An article written by the Associated Press describing the overweight soldiers in our military (titled "Are U.S. Troops Too Fat to Fight?"), discusses the overweight trends of the active duty and reserve military, but also the recruits who are too heavy to enter into the military.
The military community has always been a cross-section of society -- good or bad. These days, as our country increases in size, it is only a matter of time before the military shares the traits of obesity and associated illnesses such as diabetes, heart disease and some forms of cancer.
A shocking 20% of all male recruits and 40% of female recruits are too heavy to enter the military. The new recruits basically have to lose weight so they barely can pass the minimum height and weight requirements, as well as the physical fitness tests. See the PFT standards for all military branches.
The problem with having recruits barely passing the minimum standards upon entering military boot camps or service academies is the unneeded stress:
On the joints of out-of-shape people.
Of constantly receiving extra attention for being below average.
Related to the loss of focus the new recruits have when actually learning their military jobs.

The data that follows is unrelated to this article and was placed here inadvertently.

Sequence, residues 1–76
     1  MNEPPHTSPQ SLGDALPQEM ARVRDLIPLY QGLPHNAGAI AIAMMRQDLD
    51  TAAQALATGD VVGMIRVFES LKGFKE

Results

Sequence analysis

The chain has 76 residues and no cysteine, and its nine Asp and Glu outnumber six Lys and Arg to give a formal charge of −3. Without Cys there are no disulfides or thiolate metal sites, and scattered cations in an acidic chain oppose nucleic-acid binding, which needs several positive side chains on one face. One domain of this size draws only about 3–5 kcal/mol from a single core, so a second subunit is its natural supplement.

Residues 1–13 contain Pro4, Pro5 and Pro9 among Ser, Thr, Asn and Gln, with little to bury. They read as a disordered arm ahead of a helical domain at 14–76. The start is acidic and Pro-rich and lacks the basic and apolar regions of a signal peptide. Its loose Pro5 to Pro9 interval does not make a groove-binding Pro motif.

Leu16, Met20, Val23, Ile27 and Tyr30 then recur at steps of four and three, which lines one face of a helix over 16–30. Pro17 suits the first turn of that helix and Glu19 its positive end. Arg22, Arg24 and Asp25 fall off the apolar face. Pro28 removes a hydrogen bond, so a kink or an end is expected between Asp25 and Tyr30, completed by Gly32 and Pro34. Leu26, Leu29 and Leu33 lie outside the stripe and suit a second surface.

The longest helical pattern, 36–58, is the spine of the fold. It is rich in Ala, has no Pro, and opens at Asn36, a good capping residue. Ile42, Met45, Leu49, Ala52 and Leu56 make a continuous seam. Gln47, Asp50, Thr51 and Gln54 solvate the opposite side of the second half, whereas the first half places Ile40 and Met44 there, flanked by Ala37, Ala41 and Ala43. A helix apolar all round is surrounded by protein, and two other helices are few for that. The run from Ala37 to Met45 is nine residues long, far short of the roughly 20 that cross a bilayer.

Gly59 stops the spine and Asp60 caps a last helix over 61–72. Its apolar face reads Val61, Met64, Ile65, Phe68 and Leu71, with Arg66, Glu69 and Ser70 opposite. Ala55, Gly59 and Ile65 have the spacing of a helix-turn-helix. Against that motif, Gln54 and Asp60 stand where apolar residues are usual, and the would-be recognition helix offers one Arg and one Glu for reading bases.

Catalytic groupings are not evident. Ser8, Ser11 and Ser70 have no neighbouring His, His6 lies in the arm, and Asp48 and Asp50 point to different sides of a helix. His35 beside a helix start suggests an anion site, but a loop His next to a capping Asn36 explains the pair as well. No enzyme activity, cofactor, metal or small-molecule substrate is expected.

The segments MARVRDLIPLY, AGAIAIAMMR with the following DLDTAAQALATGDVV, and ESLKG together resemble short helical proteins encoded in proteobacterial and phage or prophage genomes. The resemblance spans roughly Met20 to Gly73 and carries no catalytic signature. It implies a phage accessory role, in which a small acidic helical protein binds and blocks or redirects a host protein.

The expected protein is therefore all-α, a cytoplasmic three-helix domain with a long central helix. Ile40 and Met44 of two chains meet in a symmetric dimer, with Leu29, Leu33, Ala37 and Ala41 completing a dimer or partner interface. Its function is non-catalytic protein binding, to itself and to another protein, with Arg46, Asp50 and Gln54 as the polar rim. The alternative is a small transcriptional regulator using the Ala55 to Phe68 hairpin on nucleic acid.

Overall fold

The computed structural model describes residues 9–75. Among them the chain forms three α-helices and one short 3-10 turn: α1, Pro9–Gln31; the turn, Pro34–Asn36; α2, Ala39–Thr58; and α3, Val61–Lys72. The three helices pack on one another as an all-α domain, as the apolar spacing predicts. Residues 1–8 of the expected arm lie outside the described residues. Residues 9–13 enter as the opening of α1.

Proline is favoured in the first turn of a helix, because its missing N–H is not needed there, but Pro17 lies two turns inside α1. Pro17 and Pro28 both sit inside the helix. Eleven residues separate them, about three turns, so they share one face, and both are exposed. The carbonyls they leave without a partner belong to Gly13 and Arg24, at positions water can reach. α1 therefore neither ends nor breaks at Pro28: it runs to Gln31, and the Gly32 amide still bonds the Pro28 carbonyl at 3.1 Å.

Being out of shape is a huge distraction for our recruits and soldiers. Many of these active-duty and reserve soldiers do not advance to higher ranks, therefore losing extra pay, benefits and future selection to jobs needed for career advancement. And on a far worse level, if the obesity problem with our troops is not fixed, we are dealing with a national strategic issue that makes it difficult to defend America from our enemies.
There are simple answers -- eat better and exercise more. Review the Stew Smith article archive for more ideas on fitting fitness into your life. Especially helpful are the most recent articles on a Summer Lean-Down Diet. This is a healthy way to burn fat and keep muscle so your fitness does not suffer while dieting.
Stew Smith is a former Navy SEAL and fitness author certified as a Strength and Conditioning Specialist (CSCS) with the National Strength and Conditioning Association. Visit his Fitness eBook store if you're looking to start a workout program to create a healthy lifestyle. Send your fitness questions to firstname.lastname@example.org.
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